Regarding the Sept. 9 editorial “Upper hand on pneumonia“: To protect people from community-acquired pneumonia (CAP), strategic use of pneumococcal vaccination is essential. The central and local governments need to enlighten the public on who is at increased risk of CAP and when they should be vaccinated.
It should be clarified that elderly people and those with chronic medical conditions are at increased risk of pneumonia. Chronic conditions such as cardiovascular disease, chronic obstructive pulmonary disease (COPD) and diabetes mellitus are associated with an increased incidence of CAP. Alcohol abuse and cigarette smoking are quite common in patients with severe forms of CAP.
Ideally, all high-risk people, including those older than 65, should be vaccinated. Vaccinations should be provided to immuno-competent patients if they live in certain environments including long-term care facilities, or if they have chronic illnesses such as cardiovascular disease including congestive heart failure, COPD, diabetes mellitus, alcoholism and chronic liver disease. Although vaccine efficacy may be reduced, immuno-compromised patients should also be vaccinated, including patients with HIV, malignant conditions, nephritic syndrome, chronic renal disease, leukemia or immuno-suppressive therapy including long-term corticosteroids.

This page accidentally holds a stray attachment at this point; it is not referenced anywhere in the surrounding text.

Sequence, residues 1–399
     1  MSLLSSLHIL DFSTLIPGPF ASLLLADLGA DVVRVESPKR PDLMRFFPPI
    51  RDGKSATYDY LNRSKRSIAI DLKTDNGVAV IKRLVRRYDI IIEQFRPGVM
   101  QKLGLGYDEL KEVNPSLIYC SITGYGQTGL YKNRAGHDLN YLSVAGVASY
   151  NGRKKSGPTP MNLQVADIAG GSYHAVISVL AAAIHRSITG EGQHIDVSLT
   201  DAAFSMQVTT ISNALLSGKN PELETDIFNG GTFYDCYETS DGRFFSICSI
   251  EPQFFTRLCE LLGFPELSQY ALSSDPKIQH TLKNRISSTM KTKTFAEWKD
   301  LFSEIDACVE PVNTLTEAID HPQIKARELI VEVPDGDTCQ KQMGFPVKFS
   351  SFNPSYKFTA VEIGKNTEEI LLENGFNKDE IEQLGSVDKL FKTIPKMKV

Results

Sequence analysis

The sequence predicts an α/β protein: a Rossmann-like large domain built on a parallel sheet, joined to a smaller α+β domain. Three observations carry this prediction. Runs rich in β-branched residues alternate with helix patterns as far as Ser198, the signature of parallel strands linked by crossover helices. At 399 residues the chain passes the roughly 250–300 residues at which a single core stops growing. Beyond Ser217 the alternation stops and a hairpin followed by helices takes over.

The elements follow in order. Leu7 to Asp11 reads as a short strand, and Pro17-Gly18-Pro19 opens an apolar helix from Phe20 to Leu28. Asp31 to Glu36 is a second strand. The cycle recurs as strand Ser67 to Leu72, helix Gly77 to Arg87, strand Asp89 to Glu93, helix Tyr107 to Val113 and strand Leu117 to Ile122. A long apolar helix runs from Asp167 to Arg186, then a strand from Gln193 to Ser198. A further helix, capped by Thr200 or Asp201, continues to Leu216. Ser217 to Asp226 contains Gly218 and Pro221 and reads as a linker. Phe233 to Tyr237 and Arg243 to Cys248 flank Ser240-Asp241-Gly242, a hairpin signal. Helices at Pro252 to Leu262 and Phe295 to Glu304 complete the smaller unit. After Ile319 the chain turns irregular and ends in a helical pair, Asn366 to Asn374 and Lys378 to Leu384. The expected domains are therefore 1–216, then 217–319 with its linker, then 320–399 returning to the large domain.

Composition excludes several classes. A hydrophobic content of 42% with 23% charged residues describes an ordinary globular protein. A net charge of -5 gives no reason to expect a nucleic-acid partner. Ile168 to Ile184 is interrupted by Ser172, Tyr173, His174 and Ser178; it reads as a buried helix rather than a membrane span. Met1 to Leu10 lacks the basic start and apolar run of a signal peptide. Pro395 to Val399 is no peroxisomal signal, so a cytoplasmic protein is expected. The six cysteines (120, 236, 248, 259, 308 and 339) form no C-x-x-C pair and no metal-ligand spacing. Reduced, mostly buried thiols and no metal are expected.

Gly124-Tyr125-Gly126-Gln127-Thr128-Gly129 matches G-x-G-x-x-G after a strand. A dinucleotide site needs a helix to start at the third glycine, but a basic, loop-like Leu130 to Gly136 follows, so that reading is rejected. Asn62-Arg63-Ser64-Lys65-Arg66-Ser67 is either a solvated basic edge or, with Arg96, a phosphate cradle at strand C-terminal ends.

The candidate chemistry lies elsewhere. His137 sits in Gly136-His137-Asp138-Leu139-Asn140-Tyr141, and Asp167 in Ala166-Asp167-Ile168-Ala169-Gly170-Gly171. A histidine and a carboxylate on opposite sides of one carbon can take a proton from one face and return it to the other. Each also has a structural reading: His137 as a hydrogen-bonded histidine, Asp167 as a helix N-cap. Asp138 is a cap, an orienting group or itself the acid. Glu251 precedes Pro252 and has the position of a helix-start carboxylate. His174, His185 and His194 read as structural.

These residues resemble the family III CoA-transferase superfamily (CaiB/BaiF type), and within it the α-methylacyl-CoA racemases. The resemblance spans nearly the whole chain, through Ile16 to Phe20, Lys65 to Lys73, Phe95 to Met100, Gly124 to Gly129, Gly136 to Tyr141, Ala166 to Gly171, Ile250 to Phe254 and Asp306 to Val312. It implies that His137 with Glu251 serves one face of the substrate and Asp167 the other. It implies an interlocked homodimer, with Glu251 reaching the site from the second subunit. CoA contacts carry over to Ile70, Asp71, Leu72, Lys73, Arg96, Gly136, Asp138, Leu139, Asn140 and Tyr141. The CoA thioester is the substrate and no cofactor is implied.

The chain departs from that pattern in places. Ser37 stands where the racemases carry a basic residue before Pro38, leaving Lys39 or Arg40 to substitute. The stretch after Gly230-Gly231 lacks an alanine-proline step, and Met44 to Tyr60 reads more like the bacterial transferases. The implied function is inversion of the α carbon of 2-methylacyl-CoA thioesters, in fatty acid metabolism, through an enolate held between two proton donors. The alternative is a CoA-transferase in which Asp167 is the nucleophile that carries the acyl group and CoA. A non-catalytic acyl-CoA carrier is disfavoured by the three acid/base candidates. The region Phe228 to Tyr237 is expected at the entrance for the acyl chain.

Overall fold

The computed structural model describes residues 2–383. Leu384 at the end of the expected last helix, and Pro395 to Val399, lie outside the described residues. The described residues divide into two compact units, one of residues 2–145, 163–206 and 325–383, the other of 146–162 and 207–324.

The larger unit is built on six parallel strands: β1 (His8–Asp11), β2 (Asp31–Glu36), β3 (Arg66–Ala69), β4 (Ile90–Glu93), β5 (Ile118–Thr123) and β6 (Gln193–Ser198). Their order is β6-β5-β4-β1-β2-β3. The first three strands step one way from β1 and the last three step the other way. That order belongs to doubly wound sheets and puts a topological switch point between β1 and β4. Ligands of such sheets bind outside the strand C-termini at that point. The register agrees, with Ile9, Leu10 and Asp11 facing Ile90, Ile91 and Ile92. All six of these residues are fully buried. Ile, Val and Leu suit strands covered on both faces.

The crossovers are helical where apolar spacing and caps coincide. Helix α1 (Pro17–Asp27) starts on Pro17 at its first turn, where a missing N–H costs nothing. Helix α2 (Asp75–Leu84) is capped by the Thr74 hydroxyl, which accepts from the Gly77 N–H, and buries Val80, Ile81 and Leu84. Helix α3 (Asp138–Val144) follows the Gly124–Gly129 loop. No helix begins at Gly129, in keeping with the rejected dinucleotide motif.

It is important to repeat pneumococcal vaccination after five years for those who received their first before 65 and for immuno-compromised patients. Since October 2009, the health ministry has approved repeat vaccinations on condition that the benefit is deemed to outweigh any harm. In this rapidly aging society, we should keep in mind that “prevention is better than cure.”
The opinions expressed in this letter to the editor are the writer’s own and do not necessarily reflect the policies of The Japan Times.
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